When he reached seven feet and he found nothing but stones, he dug wider.

When he had dug a grave, Terry told him to stop. Whatever he was looking for wasn’t there. The blinds had been opened, and people were looking at them.

As they walked away, Terry and Ruben both conceded that Rice should take the car. They could both find a way back to Peggy and Patrick in Los Angeles. The three said their goodbyes. Take care. Knock ‘em dead. I’ll see you around, buddy.

Rice drove away from the Umber Lane apartments. In the trunk was a suitcase full of clothes, and a shovel stained with dirt. Rice’s hot and blue guitar sat in the back seat, tuned, and begging to be plugged in. He drove with one hand on twelve. He was trying to decide if he should get a tattoo before or after visiting Joey.

When Rice walked into the pharmacy his skin was still blank, but he did have two piercing in his left eyebrow, and one through the bridge of his nose. He had remembered that tattoos took time to heal, and he needed to be in a good condition for the upcoming hours or days. But he did need to represent. His hair was shaved on the sides, spiked up down the middle, and dyed and assertive blue. Rice Fuckin’ O’ approached the pharmacist behind the counter.

“Holy shit,” the pharmacist said, staring at Rice up and down. “It’s like I’m looking in a fucking time portal. Where’s Johnny?”

Rice shrugged.

He looked over his shoulder. He and Joey were alone. Joey’s nametag said J. Epstein, and seeing that hurt a little. But a part of Rice could understand it.

“When’s the last time you heard from Yote?” Rice asked.

“God, years I think,” Joey said, scratching the back of his head. “Why, getting the band back together?”

Rice laughed, and shook his head. He pointed up at the cameras lining the ceiling. “Do these record audio?”

“They—”

“It doesn’t matter. I’m going to kill Johnny Hick. I don’t think that’ll bother you enough to tell on me for saying it.”

Joey flattened his lips, pressing them together into a narrow, pale line. Quietly, he told Rice, “I’m going to have lunch in five minutes. Why don’t you meet me outside.”

Rice nodded, and left. He had misjudged. His words almost put Joey in tears.

Rice lit a cigarette. As he held the lighter near his mouth, he tried to think back to whether or not Johnny had smoked. By the time he had pocketed his lighter and taken his first drag, he was pretty sure that everyone in the punk scene had smoked. Some had quit since then, or were in the process of quitting, but the fact that smoking happened at one point in their lives was, as far as Rice remembered, universal.

Rice wondered about lung cancer in The Immortal. He wondered about addiction. He was pretty sure The Immortal couldn't get cancer, since that was, eventually, fatal. But could The Immortal become an addict? Was smoking to him a compulsion or a design choice?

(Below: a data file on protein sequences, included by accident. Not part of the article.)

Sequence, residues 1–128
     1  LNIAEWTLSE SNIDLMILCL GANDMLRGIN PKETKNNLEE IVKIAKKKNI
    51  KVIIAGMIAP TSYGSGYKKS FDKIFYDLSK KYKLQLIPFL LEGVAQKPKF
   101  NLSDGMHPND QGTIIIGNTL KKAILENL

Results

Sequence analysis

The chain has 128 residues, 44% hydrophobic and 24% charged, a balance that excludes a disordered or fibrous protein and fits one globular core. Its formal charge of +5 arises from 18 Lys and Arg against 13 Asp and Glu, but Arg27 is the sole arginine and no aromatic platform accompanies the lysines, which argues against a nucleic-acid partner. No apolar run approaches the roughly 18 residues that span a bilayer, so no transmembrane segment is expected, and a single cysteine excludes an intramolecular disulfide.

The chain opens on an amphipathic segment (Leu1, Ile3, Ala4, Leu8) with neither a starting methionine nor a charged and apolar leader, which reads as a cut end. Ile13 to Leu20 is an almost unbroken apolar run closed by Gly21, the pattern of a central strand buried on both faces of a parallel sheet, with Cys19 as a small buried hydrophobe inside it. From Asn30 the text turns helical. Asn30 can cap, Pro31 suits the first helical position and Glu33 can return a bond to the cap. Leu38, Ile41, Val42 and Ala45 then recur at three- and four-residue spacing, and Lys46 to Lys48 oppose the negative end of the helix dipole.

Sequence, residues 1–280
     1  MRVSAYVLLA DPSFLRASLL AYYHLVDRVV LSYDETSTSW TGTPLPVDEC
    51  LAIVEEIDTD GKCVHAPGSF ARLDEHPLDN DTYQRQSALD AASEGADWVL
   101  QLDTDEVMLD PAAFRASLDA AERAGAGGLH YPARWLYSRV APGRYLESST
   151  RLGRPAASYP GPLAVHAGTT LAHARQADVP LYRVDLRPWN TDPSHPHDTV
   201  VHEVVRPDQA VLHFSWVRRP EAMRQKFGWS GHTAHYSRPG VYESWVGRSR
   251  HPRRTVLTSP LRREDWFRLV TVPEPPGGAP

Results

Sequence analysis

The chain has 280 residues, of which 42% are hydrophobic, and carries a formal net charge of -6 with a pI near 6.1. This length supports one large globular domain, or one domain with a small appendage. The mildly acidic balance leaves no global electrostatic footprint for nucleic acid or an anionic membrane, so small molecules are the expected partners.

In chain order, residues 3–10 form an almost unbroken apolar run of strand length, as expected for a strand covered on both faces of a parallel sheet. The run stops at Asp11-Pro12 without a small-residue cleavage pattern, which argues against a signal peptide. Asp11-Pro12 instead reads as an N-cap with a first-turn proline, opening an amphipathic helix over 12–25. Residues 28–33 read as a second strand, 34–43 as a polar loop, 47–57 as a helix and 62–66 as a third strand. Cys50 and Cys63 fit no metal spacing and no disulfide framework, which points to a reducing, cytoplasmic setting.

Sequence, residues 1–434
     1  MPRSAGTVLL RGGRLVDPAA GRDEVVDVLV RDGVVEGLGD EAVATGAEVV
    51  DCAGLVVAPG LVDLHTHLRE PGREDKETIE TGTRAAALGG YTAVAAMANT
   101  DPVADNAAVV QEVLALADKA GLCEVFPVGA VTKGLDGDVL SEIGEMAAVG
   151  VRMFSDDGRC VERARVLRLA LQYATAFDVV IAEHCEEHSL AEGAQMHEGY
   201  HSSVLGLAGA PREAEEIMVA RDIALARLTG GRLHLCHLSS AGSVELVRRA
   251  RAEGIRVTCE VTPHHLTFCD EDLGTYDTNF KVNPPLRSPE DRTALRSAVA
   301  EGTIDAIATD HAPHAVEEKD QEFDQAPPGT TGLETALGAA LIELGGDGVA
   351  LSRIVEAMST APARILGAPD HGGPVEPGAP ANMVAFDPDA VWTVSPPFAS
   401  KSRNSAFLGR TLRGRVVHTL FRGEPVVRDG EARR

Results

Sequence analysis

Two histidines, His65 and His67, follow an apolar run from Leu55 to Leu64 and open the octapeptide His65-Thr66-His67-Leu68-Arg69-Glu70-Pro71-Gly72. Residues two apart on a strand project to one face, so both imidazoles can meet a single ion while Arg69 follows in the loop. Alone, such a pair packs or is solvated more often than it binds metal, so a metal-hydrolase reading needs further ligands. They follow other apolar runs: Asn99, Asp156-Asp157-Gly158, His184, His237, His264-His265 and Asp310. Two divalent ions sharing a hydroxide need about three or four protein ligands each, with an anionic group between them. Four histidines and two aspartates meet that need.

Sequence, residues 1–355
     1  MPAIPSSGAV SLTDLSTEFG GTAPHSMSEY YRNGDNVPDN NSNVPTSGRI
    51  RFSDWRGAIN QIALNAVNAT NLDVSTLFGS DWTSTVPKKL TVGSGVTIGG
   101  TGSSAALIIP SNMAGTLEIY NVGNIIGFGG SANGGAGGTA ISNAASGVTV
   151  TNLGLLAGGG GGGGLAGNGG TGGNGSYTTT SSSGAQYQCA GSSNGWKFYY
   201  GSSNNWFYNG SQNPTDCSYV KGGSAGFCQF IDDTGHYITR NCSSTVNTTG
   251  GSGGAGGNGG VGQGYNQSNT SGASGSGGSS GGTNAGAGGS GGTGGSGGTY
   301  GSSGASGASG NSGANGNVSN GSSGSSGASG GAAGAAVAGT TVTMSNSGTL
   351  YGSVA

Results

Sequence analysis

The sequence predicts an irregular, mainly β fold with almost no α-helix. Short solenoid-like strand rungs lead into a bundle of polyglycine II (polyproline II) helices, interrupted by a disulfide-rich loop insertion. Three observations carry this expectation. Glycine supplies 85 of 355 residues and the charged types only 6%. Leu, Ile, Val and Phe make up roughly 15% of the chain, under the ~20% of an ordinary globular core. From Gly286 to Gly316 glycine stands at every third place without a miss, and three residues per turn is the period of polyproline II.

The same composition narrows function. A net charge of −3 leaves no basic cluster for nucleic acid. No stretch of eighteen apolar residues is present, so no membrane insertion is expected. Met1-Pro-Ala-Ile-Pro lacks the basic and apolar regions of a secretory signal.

Rice heard the pharmacy door open behind him, and stamped out his cigarette butt.

“I don’t think you should do it,” Joey started.

The two of them began walking down the sidewalk. The city was one Rice had never been to, but had been ambiently aware of, living not too far from it in his punk days. Some place in SoCal. Not on many maps, but otherwise, a nice place to live. Mostly retirees. Not too many punks.

“Convince me,” Rice said. “I’m willing to hear you out.”

“Well have you listened to the radio?” Joey asked. Maybe not Joey for very long. Maybe soon to be J. Epstein, depending on how he presented his defense for Johnny Hick. In the meantime, it was Joey who told Rice, “Punk music has been making a comeback lately.”

Rice felt chills across his mohawk; he was talking with Joey Low Action alright, in the flesh and blood.

“Listen, I think he’s a son of a bitch,” Joey said. “I really, really do. But why do you want him dead? What’s it fix?”

“Nothing,” Rice said. “It fixes shit all. I still want him dead.”

“Why then?”

Because he’s dangerous, was one reason, but it wasn’t a very good one. It didn’t cover Rice’s ass, since Rice was the one plotting first degree murder as they spoke. Because he deserves it, might have been a closer truth. Because he hurt me. Because he hurts us. Because he hurts all of us.

“Because Johnny killed punk,” Rice answered, practically in bold. “Because he built it and then he shattered the cornerstone, and left us standing on a house of cards that was already falling by the time he was gone. And I don’t think he deserves to walk away from that.”

Joey Low Action gave his unconditional blessing, and Rice began his hunt.


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© Ray Underscore Thompson, November 16, 2016